[00:19:02] Niel: In my department alone in the United Nations, we had 17 different nationalities. So I. And I've worked at a number of different organizations in Europe, Africa, Asia-Pacific, south America, and you know, I think that diversity is really important. And not just diversity in terms of national diversity, but also gender diversity, sexual diversity.
[00:19:28] Niel: I, I think it's very important to succeed in an international organization. You know, you have to be open. Very, very, not just open, but adept at managing multicultural relationships, especially, you know, especially when, when it comes to differences in values, differences in culture, the differences in religion.
[00:19:51] Niel: You need to be really open and sensitive to the differences that bind us.
[00:19:59] Zoe: Yeah, it's that point of, you know, not just hiring a diverse team, but also supporting a diverse team.
[00:20:05] Zoe: So, listening to you talk about your career, it's quite impressive. I mean, it's, you've been in industry for a very long time, across a variety of positions, locations, different cultures.
[00:20:16] Zoe: Has there ever been a time where you've felt like you were an imposter?
[00:20:20] Niel: I think I have two specific, um, instances, which I felt like an imposter. The first one I was working for AT&T wireless. I was, I was 26, I was still a kid, and I was responsible for network operations at AT&T Wireless. So basically they build out the cellular in the networks.
[00:20:45] Niel: So, and then they, they hand it off to the, the team that does their operations. So I could remember the day that they handed off the network to me. I'm a 26 year old manager managing a very young team as, as well. And they hand this multimillion dollar network to me that's making 10, 12, 15 million dollars a day and said, Hey, this is now yours.
[00:21:17] Niel: And I can remember, think to myself, W T F. I don't know what I'm doing at all. Like I'm lost. I wasn't, but I, I think at that time it felt like I, I didn't have a, a clue, like I was like, what am I doing in this job?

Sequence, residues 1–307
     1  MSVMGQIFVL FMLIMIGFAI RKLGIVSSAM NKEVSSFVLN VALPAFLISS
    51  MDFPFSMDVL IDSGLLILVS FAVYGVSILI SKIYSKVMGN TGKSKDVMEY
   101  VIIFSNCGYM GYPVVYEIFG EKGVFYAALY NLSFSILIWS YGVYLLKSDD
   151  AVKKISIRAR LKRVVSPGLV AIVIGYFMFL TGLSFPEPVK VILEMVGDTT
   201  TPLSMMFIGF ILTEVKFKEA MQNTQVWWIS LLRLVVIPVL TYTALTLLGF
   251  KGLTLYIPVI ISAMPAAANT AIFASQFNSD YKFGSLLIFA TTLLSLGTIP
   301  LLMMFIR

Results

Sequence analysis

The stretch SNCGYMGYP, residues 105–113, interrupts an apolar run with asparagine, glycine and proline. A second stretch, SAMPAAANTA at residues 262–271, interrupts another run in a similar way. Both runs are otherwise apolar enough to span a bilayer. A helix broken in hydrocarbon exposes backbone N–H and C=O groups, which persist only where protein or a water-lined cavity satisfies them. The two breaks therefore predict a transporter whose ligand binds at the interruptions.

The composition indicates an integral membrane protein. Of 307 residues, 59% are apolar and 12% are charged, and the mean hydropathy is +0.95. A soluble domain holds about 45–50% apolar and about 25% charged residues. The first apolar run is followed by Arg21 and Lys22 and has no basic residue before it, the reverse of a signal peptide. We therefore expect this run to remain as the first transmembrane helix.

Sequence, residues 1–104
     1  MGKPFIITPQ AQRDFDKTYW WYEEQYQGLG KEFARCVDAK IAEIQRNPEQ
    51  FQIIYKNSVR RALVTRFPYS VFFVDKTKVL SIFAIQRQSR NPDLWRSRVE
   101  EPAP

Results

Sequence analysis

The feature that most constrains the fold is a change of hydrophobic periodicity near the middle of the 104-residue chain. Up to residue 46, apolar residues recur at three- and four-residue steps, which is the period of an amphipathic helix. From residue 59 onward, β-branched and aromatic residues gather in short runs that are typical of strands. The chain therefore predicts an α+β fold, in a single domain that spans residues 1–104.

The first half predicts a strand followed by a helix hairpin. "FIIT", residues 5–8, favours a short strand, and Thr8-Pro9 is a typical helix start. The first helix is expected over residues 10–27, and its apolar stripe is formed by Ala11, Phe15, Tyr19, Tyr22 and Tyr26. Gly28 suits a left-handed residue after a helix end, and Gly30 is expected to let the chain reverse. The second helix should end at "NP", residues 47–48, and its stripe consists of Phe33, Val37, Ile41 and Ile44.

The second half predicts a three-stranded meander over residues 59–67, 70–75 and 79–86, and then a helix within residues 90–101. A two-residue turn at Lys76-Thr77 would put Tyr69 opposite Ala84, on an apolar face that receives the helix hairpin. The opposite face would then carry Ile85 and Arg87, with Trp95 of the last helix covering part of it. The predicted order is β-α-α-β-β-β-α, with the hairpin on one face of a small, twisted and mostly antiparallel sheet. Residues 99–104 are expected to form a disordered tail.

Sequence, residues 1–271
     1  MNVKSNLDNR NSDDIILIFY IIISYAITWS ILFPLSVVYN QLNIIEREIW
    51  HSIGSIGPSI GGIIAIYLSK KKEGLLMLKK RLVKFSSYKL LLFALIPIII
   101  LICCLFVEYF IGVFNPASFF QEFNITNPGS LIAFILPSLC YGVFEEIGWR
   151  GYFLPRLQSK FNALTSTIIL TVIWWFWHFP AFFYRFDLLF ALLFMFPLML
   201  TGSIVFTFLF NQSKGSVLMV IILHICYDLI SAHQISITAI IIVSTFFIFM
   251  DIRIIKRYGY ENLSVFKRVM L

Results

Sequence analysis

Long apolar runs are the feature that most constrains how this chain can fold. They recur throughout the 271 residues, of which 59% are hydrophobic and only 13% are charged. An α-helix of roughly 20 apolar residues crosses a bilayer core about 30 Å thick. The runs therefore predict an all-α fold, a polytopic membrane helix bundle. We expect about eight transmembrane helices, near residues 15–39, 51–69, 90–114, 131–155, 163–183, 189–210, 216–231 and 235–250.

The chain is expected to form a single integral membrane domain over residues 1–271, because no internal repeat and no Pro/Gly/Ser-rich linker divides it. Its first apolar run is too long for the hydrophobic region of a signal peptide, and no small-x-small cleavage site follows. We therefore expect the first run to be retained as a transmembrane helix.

[00:21:34] Niel: Then the second time in 2014, I was recognized by the World Economic Forum as a young global leader.
[00:21:46] Niel: What that is, that's a program where we. A group of prime ministers, presidents, different people identified the top kind of 100 professionals under 40 who've been successful at a very young, um, age. And then they put them through like an incubator program and a, a training program to improve their leadership skills.
[00:22:10] Niel: And I could remember my first YGL meeting and I turned up on this. All these really incredible people. You know, people my age, mid thirties. And they're, they're presidents of tech startups. They're, they're running multi-billion dollar banks. Like, I mean, and I was just like, okay, I should not be the, uh, here
[00:22:33] Niel: I've not done half as much of these people. But, you know, then after a while I recognize, look, look, I have made a, a pretty large, um, impact. To my field, in my region, outside of my region, and I, I think I did deserve to be part of the program just at, at first I felt a bit overwhelmed. I felt like an imposter.
[00:22:56] Chris: That makes total sense. What do you do with those feelings of being an imposter? Or how did you deal with those in those situations specifically?
[00:23:03] Niel: You know, I think part of it is speaking to someone as well, you know? I went home and I, I said to my wife, yeah, I'm, I've not done Jack. Like, all these people are really in incredible.
[00:23:16] Niel: And I was here to thinking I was, was really hot stuff and I'm, yeah. So it's in, in, no, it's really talking to people around you and getting a different perspective, but it's also to kind of take a, a step back, you know, and look at what you've done and what, what's been. The impact. And I think particularly for me, I, I said to myself, um, Hey, I was working at the Internet Society.
[00:23:41] Niel: We had really developed a, a program, the Next Generation Leaders program at the Internet Society. We, we were really, you know, we, we ended up, uh, training around 70,000 persons in a hundred countries. And, you know, we help people. Develop skills in internet governance. We help people build wireless community, net net networks.
[00:24:06] Niel: We help people build internet exchange points. And a number of the people that we've trained have, they're now ministers in their governments. Right? Executives at Facebook, you know, so many of the people that that we did train many of the people that. The programs I led, trained and to develop are now people who are contributing on a day-to-day basis to the, the, the growth of the internet.